lock_layer { // Lock
  bindings = <
    &mo ULOC  &none     &none     &none     &none        &none     &none     &none     &none     &none
    &none     &none     &none     &none     &none        &none     &none     &none     &none     &none
    &none     &none     &none     &none     &none        &none     &none     &none     &none     &none
                        &none     &none     &mo ULOC     &none     &none     &none
unlock_layer { // Unlock
  bindings = <
    &tog LOCK &none     &none     &none     &none        &none     &none     &none     &none     &none
    &none     &none     &none     &none     &none        &none     &none     &none     &none     &none
    &none     &none     &none     &none     &none        &none     &none     &none     &none     &none
                        &none     &none     &tog LOCK    &none     &none     &none

The “lock” layer has all keys set to &none, and is turned on using &tog LOCK. I also added a way to exit this mode with two keypress. Toggling this layer will “lock” the keyboard.

Sleep mode

There is an undocumented option to enable sleep mode called CONFIG_ZMK_SLEEP. This will turn off the device after not being used for a period of time. Caveat: it will take around 5 seconds to reconnect after waking up.

In the end, I turned off sleep mode. 5 seconds to wake up was too long. Since I use the keyboard semi-wirelessly around 75% of the time, I never need to worry about charging.

# 2700000 = 45mins
# 3600000 = 1hr
The setting CONFIG_ZMK_SLEEP is undocumented, but you can verify its existence with the GitHub repos that use it.

Battery life

I used a 110mAh battery, which is the smallest battery you can get away with on the nice!nano. I’ve heard from others making builds with up to 3,000mAh, but given I was using this wired from time to time, I’m happy with a small battery.

The left half drains by around 8% everyday. The right half lasts forever. This is probably 1 to 2 weeks of use before needing a charge on the left. The ZMK power profiler estimates that the right half will last up to 2 months of daily use.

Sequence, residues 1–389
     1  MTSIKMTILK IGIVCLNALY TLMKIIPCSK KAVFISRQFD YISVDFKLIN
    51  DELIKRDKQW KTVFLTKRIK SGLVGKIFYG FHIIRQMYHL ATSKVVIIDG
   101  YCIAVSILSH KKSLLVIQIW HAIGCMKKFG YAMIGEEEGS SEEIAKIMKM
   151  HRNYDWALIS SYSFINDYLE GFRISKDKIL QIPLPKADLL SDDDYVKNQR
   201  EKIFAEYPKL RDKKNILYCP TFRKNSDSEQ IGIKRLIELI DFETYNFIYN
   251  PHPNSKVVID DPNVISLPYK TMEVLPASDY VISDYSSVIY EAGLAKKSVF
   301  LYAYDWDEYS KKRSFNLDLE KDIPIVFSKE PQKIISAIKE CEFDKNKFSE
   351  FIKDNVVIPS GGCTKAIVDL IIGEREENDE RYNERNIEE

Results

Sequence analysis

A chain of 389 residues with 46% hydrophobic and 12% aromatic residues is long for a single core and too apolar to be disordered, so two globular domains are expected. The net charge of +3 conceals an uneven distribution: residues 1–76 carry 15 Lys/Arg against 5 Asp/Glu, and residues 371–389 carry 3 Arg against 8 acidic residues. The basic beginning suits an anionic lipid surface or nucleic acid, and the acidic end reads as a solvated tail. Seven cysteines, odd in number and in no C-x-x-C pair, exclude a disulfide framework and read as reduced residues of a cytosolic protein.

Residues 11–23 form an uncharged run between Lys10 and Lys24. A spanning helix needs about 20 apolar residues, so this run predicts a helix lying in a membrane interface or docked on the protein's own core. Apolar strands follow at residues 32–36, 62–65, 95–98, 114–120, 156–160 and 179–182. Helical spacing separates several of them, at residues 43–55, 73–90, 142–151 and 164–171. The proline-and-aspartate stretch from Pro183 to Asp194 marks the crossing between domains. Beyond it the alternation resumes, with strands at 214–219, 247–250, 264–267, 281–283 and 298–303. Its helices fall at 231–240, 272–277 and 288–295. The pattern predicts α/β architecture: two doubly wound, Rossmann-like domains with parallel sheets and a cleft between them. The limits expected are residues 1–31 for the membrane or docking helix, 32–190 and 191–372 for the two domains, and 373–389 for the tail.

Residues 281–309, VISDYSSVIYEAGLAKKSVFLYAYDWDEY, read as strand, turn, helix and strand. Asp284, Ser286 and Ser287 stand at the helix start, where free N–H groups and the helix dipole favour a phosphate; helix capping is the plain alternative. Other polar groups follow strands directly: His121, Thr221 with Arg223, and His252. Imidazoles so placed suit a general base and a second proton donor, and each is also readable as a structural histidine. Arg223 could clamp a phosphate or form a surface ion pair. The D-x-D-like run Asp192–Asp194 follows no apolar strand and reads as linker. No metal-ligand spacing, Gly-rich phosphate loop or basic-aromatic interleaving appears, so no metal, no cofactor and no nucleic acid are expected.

Photo of a small battery labeled 301230 110mAh

Soldered on battery

I initially thought of adding an on/off power switch, but I opted to solder the battery directly to the keyboard.

There are two reasons I thought I’d need a physical switch for: to save battery life, and to prevent keypresses when the keyboard is stored away. ZMK’s sleep functionality can take care of the first, while a lock layer can take care of the second.

This means there’s no way to turn the keyboard completely off, and I found that it’s okay. Our phones work the same way afterall!

Getting battery info

Getting the battery percentage is tricky without an OLED screen. The battery meter for the left half is reported on these platforms over Bluetooth: Linux (via upower -d), ChromeOS, MacOS (Monterey).

I’ve found that is not reported on these platforms: Windows, MacOS Big Sur, Android.

Replaced my nice!nano

I ended up having to buy another pair of nice!nano v2 micro-controllers. I encountered some issues with the original ones I had:

Reset button

There is a hardware reset button on my build. I’d press this once to reboot the firmware, or twice to enter bootloader mode to allow reflashing.

This might be specific to my build, but I find that sometimes I need to press the hardware reset button after leaving the keyboard alone for a while. Not sure if this is because the firmware crashed, or I have some shoddy soldering somewhere.

Some other notes

Some more random bullet points:

Thanks for reading! I'm Rico Sta Cruz, I write about web development and more. Subscribe to my newsletter!